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Anthropology 1026F/G
Christopher Ellis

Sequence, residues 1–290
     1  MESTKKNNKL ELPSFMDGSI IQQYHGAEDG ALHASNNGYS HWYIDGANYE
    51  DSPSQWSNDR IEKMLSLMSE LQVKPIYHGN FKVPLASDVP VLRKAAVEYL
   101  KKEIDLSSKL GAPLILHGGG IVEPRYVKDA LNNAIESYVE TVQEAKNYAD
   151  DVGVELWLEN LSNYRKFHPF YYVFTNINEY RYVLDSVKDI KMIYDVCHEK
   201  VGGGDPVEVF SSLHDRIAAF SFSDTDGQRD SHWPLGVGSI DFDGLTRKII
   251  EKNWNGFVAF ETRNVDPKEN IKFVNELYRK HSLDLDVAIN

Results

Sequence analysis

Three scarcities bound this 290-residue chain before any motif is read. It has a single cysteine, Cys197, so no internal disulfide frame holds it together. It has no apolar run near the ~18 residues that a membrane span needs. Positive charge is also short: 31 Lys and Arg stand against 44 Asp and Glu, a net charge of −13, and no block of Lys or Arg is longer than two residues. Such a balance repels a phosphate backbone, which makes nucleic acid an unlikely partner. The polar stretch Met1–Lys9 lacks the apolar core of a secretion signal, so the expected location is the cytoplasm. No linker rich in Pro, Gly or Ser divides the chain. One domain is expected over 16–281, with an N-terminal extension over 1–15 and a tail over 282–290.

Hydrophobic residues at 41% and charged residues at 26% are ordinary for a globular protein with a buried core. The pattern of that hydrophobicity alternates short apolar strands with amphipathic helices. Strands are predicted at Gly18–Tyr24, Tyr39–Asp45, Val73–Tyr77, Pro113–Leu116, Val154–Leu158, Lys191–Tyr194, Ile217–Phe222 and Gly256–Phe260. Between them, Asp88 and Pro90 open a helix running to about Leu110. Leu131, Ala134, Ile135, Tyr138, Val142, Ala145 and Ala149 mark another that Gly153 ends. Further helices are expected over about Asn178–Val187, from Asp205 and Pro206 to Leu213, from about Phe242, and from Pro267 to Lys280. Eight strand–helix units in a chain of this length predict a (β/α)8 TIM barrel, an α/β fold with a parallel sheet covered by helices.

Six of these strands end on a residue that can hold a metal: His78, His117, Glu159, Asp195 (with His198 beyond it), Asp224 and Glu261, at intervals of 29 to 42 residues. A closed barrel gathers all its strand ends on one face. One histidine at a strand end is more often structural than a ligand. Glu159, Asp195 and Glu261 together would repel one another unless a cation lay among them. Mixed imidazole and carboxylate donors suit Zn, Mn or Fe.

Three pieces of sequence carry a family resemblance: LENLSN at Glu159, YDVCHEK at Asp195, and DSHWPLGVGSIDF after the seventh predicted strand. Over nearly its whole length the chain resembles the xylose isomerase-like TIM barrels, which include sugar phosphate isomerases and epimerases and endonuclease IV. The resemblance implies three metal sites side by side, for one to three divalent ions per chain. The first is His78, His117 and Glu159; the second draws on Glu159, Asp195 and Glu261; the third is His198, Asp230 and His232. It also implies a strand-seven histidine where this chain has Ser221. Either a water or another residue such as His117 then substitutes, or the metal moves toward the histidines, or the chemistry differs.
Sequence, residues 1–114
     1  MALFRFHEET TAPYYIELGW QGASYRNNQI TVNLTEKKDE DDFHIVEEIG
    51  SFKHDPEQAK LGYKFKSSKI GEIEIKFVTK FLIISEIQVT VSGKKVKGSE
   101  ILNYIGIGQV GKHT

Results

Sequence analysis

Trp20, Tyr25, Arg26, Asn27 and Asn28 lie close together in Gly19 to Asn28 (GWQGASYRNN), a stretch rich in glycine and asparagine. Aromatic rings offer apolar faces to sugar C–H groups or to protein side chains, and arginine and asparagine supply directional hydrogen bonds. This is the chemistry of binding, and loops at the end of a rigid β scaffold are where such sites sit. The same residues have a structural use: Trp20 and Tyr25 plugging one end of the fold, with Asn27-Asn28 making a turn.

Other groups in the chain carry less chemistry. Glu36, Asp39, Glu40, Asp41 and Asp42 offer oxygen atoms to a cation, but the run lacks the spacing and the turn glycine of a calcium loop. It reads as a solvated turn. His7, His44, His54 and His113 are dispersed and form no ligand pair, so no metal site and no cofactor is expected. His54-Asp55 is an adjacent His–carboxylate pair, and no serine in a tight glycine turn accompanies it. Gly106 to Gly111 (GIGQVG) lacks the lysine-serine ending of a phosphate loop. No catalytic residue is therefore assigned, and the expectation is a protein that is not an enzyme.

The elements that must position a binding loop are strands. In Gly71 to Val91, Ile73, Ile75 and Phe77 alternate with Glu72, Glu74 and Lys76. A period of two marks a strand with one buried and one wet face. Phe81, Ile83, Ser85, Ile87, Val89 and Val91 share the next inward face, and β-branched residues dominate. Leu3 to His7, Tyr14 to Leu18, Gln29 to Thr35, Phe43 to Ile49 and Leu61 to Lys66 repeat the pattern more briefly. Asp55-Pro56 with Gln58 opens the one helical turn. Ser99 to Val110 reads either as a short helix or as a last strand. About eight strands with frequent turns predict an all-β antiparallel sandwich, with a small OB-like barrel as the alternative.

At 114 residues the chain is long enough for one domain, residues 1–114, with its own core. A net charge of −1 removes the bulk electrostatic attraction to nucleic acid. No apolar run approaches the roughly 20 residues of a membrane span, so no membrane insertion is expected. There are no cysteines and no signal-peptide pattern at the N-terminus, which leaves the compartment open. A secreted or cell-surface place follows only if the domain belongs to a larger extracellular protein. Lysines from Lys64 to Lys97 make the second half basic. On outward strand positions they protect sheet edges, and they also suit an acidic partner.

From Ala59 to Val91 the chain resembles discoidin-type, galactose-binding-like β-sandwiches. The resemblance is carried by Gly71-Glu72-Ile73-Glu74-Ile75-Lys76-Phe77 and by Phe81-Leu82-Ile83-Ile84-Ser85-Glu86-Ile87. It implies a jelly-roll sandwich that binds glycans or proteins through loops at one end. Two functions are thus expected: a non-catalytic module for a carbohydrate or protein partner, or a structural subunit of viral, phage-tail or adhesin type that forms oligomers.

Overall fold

Chapter 6: Training • Development of specific skills • Employees in large businesses are more likely to receive training Why Training? • Might be legislatively mandated, to achieve other goals (employment equity) • Screening for promotions • Remedial – correct perceived performance deficits • Reward • Learning organization - invests heavily in the learning of its members The Effectiveness of Training and Development • Training effective when evaluated with learning criteria (tests) but less effective in changing behaviour in the workforce (transfer) • Most effective designs – when there is match between type of skill and the method of training o Training is most effective organizational intervention o Most effective when designed and administered according to formal means of training design Toward a Model of Training Instructional systems design (ISD) model of training • Model of the training process incorporates needs analysis, training design and delivery, training evaluation and notes the interdependencies among the three major components of the training process Needs Analysis • Initial stage that identifies employee and organizational deficiencies that can be addressed with training, and recognize potential obstacles to succeed • Determine nature of problem – gap between way things are and way things need to be – and how/who needs to be trained • Organizational Analysis o Examines entire organization, its resources, strategy, and environment in order to assess its support for training o Results of previous interventions (build on previous success) • Job/Task Analysis o Component of needs analysis process, jobs and job tasks in need of training are identified and studied o Identify jobs targeted for training, job description (required tasks rated on importance and frequency) then training is developed • Person Analysis o Component of training needs analysis process during which individual employees behaviour is studied to identify gaps in performance o Trainability – degree to which people learn and apply what they learned (function of trainees ability and motivation) – motivation often neglected o Training motivation – trainees intended effort towards training, max benefit – should be taken into consideration of needs analysis Training Design and Delivery • Following needs analysis, make informed decision about potential effectiveness of training • Training objectives – knowledge, skills and behavioural changes that trainees should acquire during training • Training objectives, existing or purchase a training program, appropriate content (subject matter experts) who will receive training, how many people at same time, (smaller group, similar jobs = max success) who will be trainer (knowledgeable, good communicator) where will it take place (on or off job) • Train the trainer – designed to offer subject matter experts skills in deliver and communication Training Evaluation • Component of the ISD training model, designed to assess the value added for individuals and organizations following the implementation of a training program • Extent which the program has added value • Kirkpatrick ask 4 questions o Did trainees have positive reactions? o Did they learn material? o Change in work behaviour? o Positive organizational results? • These levels of evaluation outcomes form a hierarchy o Succeeding levels provide increasingly important info regarding the value of the training program • Most cases its done by a simple survey (focus on reaction criteria) which is proven to be unrelated to learning or subsequent behaviour • Evaluators are interested in how well trainees recall info and the extent to which they are able to incorporate info to action – can watch employee on the job to monitor behaviour change (behaviour assessment – ear plugs) • Multiple choice tests, long written tests • Compare company performance before and after Learning Theory and Training Design • Ultimate goal is to apply knowledge and skills in training and transfer to workplace • Two major approaches to study of learning – behaviours, cognitive perspective Behaviorist Theory • Characterizes learning in terms of observable stimuli and responses without any reference to what occurs inside an individual • Behaviour is a product of past experience in an environment – experience gained during training should influence later job performance (transfer) • 4 basic learning principles to max transfer o Identical Elements – stimuli in training environment are identical to those in work environment o General Principles – transfer is improved when trainees are taught applicable skills, and general rules that underlie the training content o Stimulus Variability – multiple examples of a concept should be provided, it allows trainees to see the applicability of the training content in their job environment o Conditions of Practice – manner in which trainee is exposed to the content of the training program  Whole vs. part learning – addresses whether knowledge, skills and abilities covered in training should be introduced as whole or part learning. Whole – practice an entire duty. Part – practice pieces of larger task separately… high interdependent parts = whole preferred. Independent elements = part preferred.  Spaced vs. massed practice – spaced trials = rest period between practice sessions. Massed = practices task continually. Spaced generally preferred. Massed for where errors are critical and learning from errors is important  Over learning – task should be practiced until its automatic (invaluable in health and safety) Cognitive Learning Theories • Social learning theory – people observe others to learn, helps us learn various motor skills or styles of behaviour (people we watch called models) o Attention – learner must notice the behavioural models and find them interesting o Memory – learner must be able to remember the info obtained by observation to use at a later time o Motor Control – use info obtained from observation to guide their own actions o Motivation – learner must have some reason to perform the modeled actions • Trainer must capture attention of trainee, be perceived as credible and appealing, it has to be presented in a manner which trainees can remember and draw on this information. Training Methods • Traditional classroom instruction is most often used – managerial and leadership training most frequent topic for organizational training (face to face interaction) • Training methods range on a continuum from very passive to very active (trainee involvement) • Acquiring behavioural skills requires a different type of training, which allows participants to actually practice skills. • Fidelity of the simulation – degree which simulations are able to reflect real experience (high fidelity high transfer) Transfer Problem • Application of knowledge, skills and attitudes learned from training on the job and subsequent maintenance • Individuals not improving their behaviour on the job, organizational performance isn’t affected from training • Depends on training design, trainee characteristics, and work environment o Training design that mimics workspace, on the job training • Transfer climate – characteristics of the work environment also facilitate or inhibit transfer (the ones that do so) o Efforts to enhance training climate – targeting team leaders, immediate supervisors o Transfer is more likely when supervisors and managers are supportive of the newly acquired skills and knowledge Safety Training • Emphasize development of both declarative knowledge (knowledge of various emergency procedures) and procedural knowledge (proper tools/equipment) • Well designed safety interventions are strongly supportive of the effectiveness of safety training Interpersonal Skills Training • Leadership, communication, teamwork, listening • Soft skills (make better use of technical skills required for their work) • Rooted in theoretical model (no needs analysis) a model of communication or teamwork • Task of training is to teach individuals the principles of the model, and develop/practice the advocated skills Leadership Training • One of most widely used forms of training • Leadership development was an effective intervention • Stronger effect for developmental opposed to training activities Coaching • Coaching interventions differ if, coach is external to organization or part of same organization • External coach - relationship between a client who has managerial authority and a consultant with wide variety of behavioural techniques to help achieve a mutually identified goal o Advantages external  Does not require in-house resources, perceived as highly credible, less confidentiality risk o Disadvantage  Cost • Internal – one on one intervention provided by colleague who is trusted to deliver a program to improve professional growth • Coaching begins with a form of assessment, goal setting is the workhorse of the relationship, techniques such as relaxation, self talk, occur over a lengthy period of time (ongoing feedback and problem solving) • Coached groups have greater self efficacy and enhanced outcome expectancy • Improved managerial performance in 5 areas (people management, relationships with other managers, goal setting and prioritization, engagement, productivity, and dialogue and communication) effective way to develop managers skill Chapter 7: Groups and Teams in Organizations Groups and teams • TEAMS – togeather everyone achieves more Defining Teams • Team – two or more people working interdependently toward the achievement of a common goal o Interact and share common goal o Brought togeather to perform tasks relevant to the organization o Different roles and responsibilities o Rooted in an organization system provides context for the team • Groups – made up of individuals on interdependent tasks but are not necessarily requiring interdependent work… teams are more than a group, they share goals and a common vision and great interdependence Types of work groups and teams: Team Member interaction and task interdependence • Interdependence – the extent to which performance on team-based tasks are dependant on other members performance • Team member interaction – extent which members interact with each other while completing their job tasks Role definition and Interchangeability • Role definition – the extent to which members have highly defined (and sometimes regulated) roles within the group, such that they are differentiated from other specific roles within the group o Low role definition – all members perform same general task • Interchangeability – the extent to which members fulfill any of several roles on the team o All members can perform same movements o Totally interchangeable – must be able to do all tasks Categories of Teams • Production teams – manufacture tangible products on a cyclical basis • Service teams – members interact with and assist clients on a regular basis • Project teams – temporarily come togeather for a specific purpose and tasks • Management teams – members work togeather to provide leadership and support subordinate employees • Action and performance teams – members are interdependent specialists working on a time-constrained task • Advisory teams – members are experts and have been brought togeather for a specified period to advise or assist a specific task Work Crews • Crews – groups of two or more people who come togeather quickly to perform a specific task and do not undergo a specific developmental process – made of experts who are highly trained and follow specific, standardized performance guidelines Autonomous work teams • Teams in which the interdependent members are given a substantial amount of control over their work and who are assigned whole tasks • Self managing teams • Increased productivity and quality of work and decreased absenteeism and turnover • Self managing teams may not create a good environment because team members create increased constraint for themselves, which limits productivity Virtual Work groups • Groups involving two or more interdependent team members who are separated geographically and/or by time differences, and who typically use information and communication technology (ICT’s) to help the flow of their work and interactions with each other • Increasing presence of multicultural teams • Report less positive mood, less committed to their team • Key aspect is extent of trust among members How do teams develop? • Forming – first step of new groups, which involves bringing members togeather, introducing them, and socializing them into the team – assumes group has no prior history – (formation) • Storming – the second stage of group development, which involves working out the interpersonal and work demands of the group – ignores the broader organizational context, roles and interactions – (task compilation) • Norming – the third stage of group development, which involves the group developing its own norms for behaving in the group environment, and imposing its own rewards and sanctions to reinforce these behaviours – (developing dyadic relationships) • Performing – the fourth stage of group development, which involves the group finally getting down to productivity working on the task – (team compilation) Group Norms • Legitimate, socially shared standards that influence how group members interact and work togeather • Group establishes ground rules, roles, and common goals • Conflict decreases during this stage, group becomes more cooperative and cohesive • Impact may depend on characteristics of individual team members, or the type of norms established • Team with cooperative norms rates as more effective and efficient Challenges with groups • Groupthink – a psychological phenomenon in which there is a tendency for highly cohesive groups to press for consensus and conformity, such that the group members striving for unanimity override their motivation to realistically appraise alternative courses of action – concerns are not expressed, leaving false impression of agreement – takes place in high functioning, high cohesive groups (everyone gets along) • Team conflict – tension created among team members resulting from perceived differences • Relationship conflict – interpersonal conflicts based on differing values, personalities, and personal preferences • Task conflict – conflicts based on job-related aspects, such as allocation of resources, differing procedures, and differing perceptions of the task and decision o Team conflict encourages members to review their perspectives and decisions more carefully, leading to more innovation and performance – if there was no conflict, may not recognize inefficiencies (too much conflict is damaging) o No benefits to performance or satisfaction in having increased task conflict, negative effects of conflict tend to be greater in teams doing ambiguous and complex tasks • Social loafing – individuals put forth less effort when working in a group than when alone • Perceived loafing – perception that one or more other group members are not contributing as much to team as they should be o Negatively related to group cohesion/team efficacy, related to setting easier goals and having less commitment to the goals Team performance and outcomes Definition of performance • Should encapsulate both internal outcomes (team member satisfaction) and external outcomes (organizational performance) Group outputs • Groups generate fewer ideas than collective works of individuals • Autonomous work groups is associated with increased productivity, decreased withdrawal, with improvement in financial outcomes of the organization Benefits for members • Teams satisfy some social needs for workers • Increased sense of belonging, and job satisfaction • These positives then help work in other ways (less absent/turnover) with improved mental wellbeing, lower stress Future Functioning and Productivity • Need to look at future productivity to know the value of teams, teams may not have the same immediate productivity as do individuals Team processes, composition, and characteristics • Second concept of what factors influence performance • Characteristics of the team – 4 factors o Team familiarity – extent to which team members have interacted and are known to each other  Effectiveness increases over time (increased familiarity)  Cohesion – how close knit the team is (member attraction, nature of activities, group pride)  Highly agreeable groups, extravert, and emotional stability = higher cohesion  Efficiency – takes input and output into account  Effectiveness – only output (interdependence of teams affects results)  Cohesion and performance were more strongly correlated when criteria focused on behaviours (vs outcomes) and efficiency (vs effectiveness) and where higher interaction and interdependency was present o Team efficacy – belief that the team has the ability to succeed  Perceived confidence associated with individual and group outcomes  High collective efficacy = high satisfaction, higher commitment, lower cynicism (all regardless of work load)  Important because it related to team performance, individual health of members, and buffers negative impact of stress o Team diversity  Increased diversity may make for lower cohesion but may increase performance and innovation – division among colleagues leads to poor integration and outcomes  Surface diversity – demographics  Deep diversity – work attitudes  Job related – education/occupational background  Non job related – age, gender, race • None of these 2 were related to cohesion or performance  What affects diversity • Type of task • Criteria • Timing and stage of group  Task interdependence and goal dependence not associated with increased innovative behaviour when group was homo  Task interdependence associated with increased innovative behaviour with hetero groups  Hetero was negatively associated with cooperative norms at time 1 but unrelated to cooperative norms at time 2 (decreased over time) o Team size  7 members ideal, some say 12 is ideal  Depends on task and environment, 3 to 8 members better than groups with 9 or more Improving team performance • 3 levels of intervention o Team design – team is aligned with the organizations goals and has resources to attain goals, and has knowledge, skills and abilities balanced o Timing and development – individual training focuses on developing individual skills and team training focuses on teamwork skills o Leadership – effects team performance through individual perceptions of effectiveness (can impact team processes) Leading and Managing Teams • Communicate a clear purpose (team and organization goals same) • Identify available resources (provide required resources) • Develop talents of members • Protect team from outside requests and criticisms • Deal with team conflict • Understand constraints, problems and resources (problem solve) • Plan and organize tasks and coordinate work activities • SIX MISTAKES o Using a team to complete work that would be better completed by individual o Labeling the group as a team but managing each person individually o Giving up all authority to team members when attempting to delegate work o Bypassing organizational structures so that teams will have more freedom o Creating specific goals without providing any organizational support o Assuming that the members already possess all skills required to work well as team • Good leader will… o Ensure task is suited to be competed by team, lead and manage the members as a team, retain authority while allowing autonomy, retain organizational structures, provide organizational support to help team attain goals, provide training for members Chapter 8: Attitudes, affect, behaviour Job Satisfaction • The extent to which people enjoy their job. All aspects such as supervisor, pay, coworkers • Locke – pleasurable or positive state resulting from appraisal of ones job or job experiences • Cognition – thoughts and beliefs • Affect – feelings • Behaviour – how you behave • Should you measure global work satisfaction of different facets (FACETS) • People can accurately report their own level of satisfaction Measures of Job satisfaction • Job Descriptive Index o Most widely used measure, measures 5 facets (satisfactions with work, pay, promotion, supervision, coworkers) o Yes or No to a phrase of each aspect o Most Canadians satisfied with their jobs (shift workers less, younger workers less, sales/service less, high stress less) • Job in General Scale o Global measure of job satisfaction in which a total score is created based on ratings of several general characteristics (pleasant, worse than most, enjoyable, waste of time) and then Yes or